Six police officers involved in the death of a man subjected to “excessive” and prolonged restraint at a London Psychiatric Hospital have been cleared of wrongdoing over his death. As a company specialising in the preventing and management of Challenging,  and a provider of  Challenging behaviour training courses and Physical intervention training this case seems to further complicate the already fraught discourse around the safety of physical restraint.

Restraint risksThe officers had denied a number of allegations of misconduct and gross misconduct over the death of Olaseni Lewis in September 2010. The inquest found that “excessive force, pain compliance techniques and multiple mechanical restraints” used by police on Lewis “were disproportionate and unreasonable” and were likely to have led to his death from a hypoxic brain injury and cardiorespiratory arrest.

Assistant chief constable Tony Blaker, who chaired the disciplinary hearing at the Metropolitan police’s Empress State Building in west London said any failings by officers “were matters of performance which would fall to be dealt with by a different statutory procedure, outside the remit of this panel.”

The decision to hold the misconduct hearing without press or public in attendance has been sharply criticised by the parents of the victim.

SecuriCare’s Risk Manager Lee Hollins says, “When dealing with an incident such as this, two processes are occurring simultaneously. Firstly, on a very human level there is a search for blame. Somebody has lost their life, and the friends and families of the victim understandably and quite rightly want justice. The second process is a more objective analysis of the events that came to pass; who did what, how, when and why? Precisely what techniques were used?  What other physical interactions or impacting actions were deployed? How was the restraint managed? How were the strategies being used dynamically risk assessed? What safeguarding actions were taken in response information being gathered by those involved?”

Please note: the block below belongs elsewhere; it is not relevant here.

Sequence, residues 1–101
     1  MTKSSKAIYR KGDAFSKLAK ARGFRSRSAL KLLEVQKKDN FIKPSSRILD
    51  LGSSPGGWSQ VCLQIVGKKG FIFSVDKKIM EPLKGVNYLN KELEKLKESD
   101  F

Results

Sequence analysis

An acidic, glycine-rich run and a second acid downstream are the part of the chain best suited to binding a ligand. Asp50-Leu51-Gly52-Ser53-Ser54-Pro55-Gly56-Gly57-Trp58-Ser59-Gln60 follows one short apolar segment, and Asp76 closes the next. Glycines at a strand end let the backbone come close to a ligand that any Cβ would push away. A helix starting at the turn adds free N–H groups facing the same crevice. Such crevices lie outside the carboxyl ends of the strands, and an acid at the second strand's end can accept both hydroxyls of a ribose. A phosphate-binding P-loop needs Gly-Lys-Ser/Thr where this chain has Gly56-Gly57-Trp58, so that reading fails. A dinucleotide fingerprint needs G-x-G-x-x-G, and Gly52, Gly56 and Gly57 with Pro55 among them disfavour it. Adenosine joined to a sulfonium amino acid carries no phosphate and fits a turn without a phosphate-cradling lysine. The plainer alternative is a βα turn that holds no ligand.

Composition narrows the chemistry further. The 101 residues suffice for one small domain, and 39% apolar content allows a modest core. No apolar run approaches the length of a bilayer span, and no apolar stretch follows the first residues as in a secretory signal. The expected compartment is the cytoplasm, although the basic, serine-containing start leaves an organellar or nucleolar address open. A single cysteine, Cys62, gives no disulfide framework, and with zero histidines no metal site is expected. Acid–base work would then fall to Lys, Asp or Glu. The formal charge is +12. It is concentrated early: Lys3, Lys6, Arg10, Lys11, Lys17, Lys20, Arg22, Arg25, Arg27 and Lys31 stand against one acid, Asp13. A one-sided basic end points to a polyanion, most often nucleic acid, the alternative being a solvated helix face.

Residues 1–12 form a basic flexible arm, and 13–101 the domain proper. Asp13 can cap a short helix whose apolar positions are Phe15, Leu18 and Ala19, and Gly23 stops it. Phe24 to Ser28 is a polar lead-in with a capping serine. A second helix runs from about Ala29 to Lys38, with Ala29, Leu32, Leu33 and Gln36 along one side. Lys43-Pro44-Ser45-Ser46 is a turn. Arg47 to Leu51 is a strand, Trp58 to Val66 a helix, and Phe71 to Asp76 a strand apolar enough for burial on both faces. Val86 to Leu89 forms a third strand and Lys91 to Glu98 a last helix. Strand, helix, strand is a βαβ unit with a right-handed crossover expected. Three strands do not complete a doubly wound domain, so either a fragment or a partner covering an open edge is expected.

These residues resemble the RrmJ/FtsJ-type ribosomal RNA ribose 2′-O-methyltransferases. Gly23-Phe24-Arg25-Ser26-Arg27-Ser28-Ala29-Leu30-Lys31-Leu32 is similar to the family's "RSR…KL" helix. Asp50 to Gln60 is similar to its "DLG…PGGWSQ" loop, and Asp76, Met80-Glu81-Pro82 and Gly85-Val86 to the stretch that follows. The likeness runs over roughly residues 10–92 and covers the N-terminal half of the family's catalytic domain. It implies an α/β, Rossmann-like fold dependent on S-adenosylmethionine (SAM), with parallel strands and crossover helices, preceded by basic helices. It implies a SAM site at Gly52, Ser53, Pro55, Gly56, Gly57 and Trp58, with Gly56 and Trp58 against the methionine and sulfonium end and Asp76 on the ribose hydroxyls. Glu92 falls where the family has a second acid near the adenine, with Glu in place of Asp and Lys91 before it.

“Risk exists in that time and space shared by members of staff, and the individual who is being restrained. It’s not clear exactly what happened here. All we know is that restraint was used and a young man died needlessly. For those involved in managing physically challenging behaviour we want to learn from tragedies like this in order to prevent the next one. When events are dealt with outside of any public scrutiny valuable lessons can be lost. That might cost someone in the future. We must work to ensure it doesn’t..”

SecuriCare offer a range of courses designed to ensure that nominated trainers can help staff to respond safely and effectively to any ‘Challenging Behaviour’ that may occur, including the application of ‘Physical Interventions techniques’. All programmes are finalised after full training needs analysis and delivered by experienced frontline practitioners. Click to see our ‘Preventing & Managing Challenging Behaviour’ Course which includes ‘Positive Behaviour Management’ techniques designed to minimise the need for any kind of restrictive intervention. You can also take a look at our person centred Behaviour Planning Service.

Contact us for more information and to discuss your needs: E: or T: 01904 492442

Read the FULL story at The Guardian